The Relations of Cognitive, Behavioral, and Physical Activity Variables to Depression Severity in Traumatic Brain Injury: Reanalysis of Data From a Randomized Controlled Trial

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Abstract

Objective:

To explore the relations of cognitive, behavioral, and physical activity variables to depression severity among people with traumatic brain injury (TBI) undergoing a depression treatment trial.

Setting:

Community.

Participants:

Adults (N = 88) who sustained complicated mild to severe TBI within the past 10 years, met criteria for major depressive disorder, and completed study measures.

Design:

Randomized controlled trial.

Methods:

Participants were randomized to cognitive-behavioral therapy (n = 58) or usual care (n = 42). Outcomes were measured at baseline and 16 weeks. We combined the groups and used regressions to explore the relations among theoretical variables and depression outcomes.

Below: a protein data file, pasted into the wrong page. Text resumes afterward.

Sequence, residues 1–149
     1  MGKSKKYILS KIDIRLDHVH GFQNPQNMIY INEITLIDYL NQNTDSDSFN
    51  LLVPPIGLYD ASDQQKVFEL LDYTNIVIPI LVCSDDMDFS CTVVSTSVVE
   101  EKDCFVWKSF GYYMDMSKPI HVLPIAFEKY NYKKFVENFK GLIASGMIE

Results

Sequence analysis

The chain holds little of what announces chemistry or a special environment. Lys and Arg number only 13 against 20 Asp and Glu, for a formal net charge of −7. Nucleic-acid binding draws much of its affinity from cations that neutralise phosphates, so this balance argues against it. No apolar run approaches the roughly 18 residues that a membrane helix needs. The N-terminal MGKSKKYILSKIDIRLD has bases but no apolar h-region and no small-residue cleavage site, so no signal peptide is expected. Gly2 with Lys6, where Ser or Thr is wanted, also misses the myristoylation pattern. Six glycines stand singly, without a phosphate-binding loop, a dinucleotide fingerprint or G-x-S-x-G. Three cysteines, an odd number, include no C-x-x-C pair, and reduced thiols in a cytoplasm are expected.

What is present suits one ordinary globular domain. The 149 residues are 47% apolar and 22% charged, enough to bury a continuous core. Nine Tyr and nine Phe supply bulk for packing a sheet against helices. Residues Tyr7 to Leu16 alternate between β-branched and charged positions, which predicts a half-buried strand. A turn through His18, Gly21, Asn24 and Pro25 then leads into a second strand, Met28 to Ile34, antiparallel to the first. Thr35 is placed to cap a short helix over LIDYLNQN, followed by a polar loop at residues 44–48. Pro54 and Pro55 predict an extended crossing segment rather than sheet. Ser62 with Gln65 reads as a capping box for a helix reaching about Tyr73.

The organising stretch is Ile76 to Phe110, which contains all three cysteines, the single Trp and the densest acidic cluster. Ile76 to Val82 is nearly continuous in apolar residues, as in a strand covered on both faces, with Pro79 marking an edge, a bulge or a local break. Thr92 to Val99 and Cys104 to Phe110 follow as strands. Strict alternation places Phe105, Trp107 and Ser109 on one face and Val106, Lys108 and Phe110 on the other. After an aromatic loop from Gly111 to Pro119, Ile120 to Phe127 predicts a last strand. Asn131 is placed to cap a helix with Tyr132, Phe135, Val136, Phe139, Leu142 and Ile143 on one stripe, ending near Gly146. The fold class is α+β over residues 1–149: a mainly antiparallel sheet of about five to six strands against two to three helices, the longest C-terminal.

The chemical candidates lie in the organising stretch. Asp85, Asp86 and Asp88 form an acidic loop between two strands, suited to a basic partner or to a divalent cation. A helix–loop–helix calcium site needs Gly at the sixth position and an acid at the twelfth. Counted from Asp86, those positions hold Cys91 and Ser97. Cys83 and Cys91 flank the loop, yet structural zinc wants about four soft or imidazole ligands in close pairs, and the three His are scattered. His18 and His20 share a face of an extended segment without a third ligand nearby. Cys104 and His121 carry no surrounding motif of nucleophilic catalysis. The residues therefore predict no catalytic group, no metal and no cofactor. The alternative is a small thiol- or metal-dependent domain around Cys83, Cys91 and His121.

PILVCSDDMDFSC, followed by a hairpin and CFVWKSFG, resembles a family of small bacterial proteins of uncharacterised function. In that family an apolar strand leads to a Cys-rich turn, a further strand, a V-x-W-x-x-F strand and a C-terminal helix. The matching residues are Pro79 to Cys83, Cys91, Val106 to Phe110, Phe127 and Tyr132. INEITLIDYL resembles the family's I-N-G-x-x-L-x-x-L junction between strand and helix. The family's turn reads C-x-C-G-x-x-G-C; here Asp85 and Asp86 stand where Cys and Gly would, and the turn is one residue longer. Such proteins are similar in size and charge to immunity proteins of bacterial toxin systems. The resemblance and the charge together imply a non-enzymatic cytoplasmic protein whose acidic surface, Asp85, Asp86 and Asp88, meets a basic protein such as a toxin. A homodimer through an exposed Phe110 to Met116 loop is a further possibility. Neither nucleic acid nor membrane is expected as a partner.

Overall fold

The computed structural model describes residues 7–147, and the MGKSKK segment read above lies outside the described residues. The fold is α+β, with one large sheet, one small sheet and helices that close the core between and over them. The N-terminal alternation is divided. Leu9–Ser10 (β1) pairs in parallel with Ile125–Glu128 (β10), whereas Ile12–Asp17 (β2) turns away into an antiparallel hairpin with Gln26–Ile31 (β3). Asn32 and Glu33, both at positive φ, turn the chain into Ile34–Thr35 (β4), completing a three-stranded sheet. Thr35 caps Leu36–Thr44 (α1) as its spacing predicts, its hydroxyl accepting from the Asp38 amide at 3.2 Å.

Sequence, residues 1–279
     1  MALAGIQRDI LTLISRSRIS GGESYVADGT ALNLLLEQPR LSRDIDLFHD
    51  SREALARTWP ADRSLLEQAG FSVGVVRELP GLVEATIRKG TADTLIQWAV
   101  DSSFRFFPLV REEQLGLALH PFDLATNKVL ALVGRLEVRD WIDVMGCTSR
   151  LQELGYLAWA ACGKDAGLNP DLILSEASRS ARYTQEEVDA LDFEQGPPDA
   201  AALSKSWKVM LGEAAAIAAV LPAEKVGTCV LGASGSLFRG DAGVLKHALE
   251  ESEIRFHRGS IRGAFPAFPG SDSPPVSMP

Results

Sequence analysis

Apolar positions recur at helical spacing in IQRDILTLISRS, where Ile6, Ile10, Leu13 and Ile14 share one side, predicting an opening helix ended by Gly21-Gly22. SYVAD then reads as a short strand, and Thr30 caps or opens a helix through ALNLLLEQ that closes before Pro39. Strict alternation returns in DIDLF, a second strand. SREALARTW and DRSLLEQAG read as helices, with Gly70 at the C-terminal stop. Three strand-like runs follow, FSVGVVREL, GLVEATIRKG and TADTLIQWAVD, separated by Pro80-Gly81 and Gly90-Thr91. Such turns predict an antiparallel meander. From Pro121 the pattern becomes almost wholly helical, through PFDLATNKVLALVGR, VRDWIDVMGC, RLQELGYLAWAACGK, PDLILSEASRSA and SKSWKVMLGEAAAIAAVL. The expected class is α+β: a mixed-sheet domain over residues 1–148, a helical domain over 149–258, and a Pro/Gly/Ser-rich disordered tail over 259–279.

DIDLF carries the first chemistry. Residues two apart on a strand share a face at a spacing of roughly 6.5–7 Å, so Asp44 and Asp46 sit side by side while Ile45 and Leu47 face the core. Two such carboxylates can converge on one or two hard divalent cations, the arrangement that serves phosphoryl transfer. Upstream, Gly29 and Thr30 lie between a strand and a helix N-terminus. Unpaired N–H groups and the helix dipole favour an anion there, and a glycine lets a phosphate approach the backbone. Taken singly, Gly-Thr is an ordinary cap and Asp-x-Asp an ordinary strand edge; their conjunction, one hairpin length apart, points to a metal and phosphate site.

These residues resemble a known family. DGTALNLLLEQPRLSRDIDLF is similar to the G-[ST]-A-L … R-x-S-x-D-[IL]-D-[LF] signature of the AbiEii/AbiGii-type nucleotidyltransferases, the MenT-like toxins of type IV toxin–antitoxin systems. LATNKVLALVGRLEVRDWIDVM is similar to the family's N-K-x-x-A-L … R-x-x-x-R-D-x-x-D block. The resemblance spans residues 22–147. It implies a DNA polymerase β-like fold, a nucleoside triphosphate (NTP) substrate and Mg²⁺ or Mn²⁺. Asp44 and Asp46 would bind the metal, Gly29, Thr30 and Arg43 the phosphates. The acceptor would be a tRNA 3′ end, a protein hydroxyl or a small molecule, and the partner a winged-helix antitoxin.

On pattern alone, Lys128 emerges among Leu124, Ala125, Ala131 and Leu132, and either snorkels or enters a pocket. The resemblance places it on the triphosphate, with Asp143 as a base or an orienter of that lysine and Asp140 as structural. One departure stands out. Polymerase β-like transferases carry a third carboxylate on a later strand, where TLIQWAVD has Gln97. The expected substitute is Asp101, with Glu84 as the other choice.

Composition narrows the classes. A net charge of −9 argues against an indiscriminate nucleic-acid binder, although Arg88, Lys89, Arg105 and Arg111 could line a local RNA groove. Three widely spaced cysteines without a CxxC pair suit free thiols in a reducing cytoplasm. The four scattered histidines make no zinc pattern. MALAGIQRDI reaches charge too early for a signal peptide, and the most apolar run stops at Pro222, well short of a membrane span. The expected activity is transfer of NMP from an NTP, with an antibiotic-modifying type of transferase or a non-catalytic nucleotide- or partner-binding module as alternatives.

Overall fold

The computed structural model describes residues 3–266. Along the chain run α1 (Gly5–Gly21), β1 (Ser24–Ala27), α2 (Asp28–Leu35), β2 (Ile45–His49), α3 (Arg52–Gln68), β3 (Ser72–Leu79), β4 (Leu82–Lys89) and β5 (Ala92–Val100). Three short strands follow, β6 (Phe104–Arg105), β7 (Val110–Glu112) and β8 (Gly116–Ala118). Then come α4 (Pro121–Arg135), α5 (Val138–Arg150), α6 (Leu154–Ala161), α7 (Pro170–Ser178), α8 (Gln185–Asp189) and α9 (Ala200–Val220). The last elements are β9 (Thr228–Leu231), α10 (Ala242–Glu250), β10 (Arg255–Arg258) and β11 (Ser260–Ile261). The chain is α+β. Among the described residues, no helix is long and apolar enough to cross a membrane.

Main Measures:

Depression severity was measured with the Hamilton Depression Rating Scale and Symptom Checklist-20. Theory-based measures were the Dysfunctional Attitudes Scale (DAS), Automatic Thoughts Questionnaire (ATQ), Environmental Rewards Observation Scale (EROS), and the International Physical Activity Questionnaire (IPAQ).

Results:

Compared with non-TBI norms, baseline DAS and ATQ scores were high and EROS and IPAQ scores were low. All outcomes improved from baseline to 16 weeks except the DAS. The ATQ was an independent predictor of baseline depression. An increase in EROS scores was correlated with decreased depression.

Conclusions:

Increasing participation in meaningful roles and pleasant activities may be a promising approach to treating depression after TBI.

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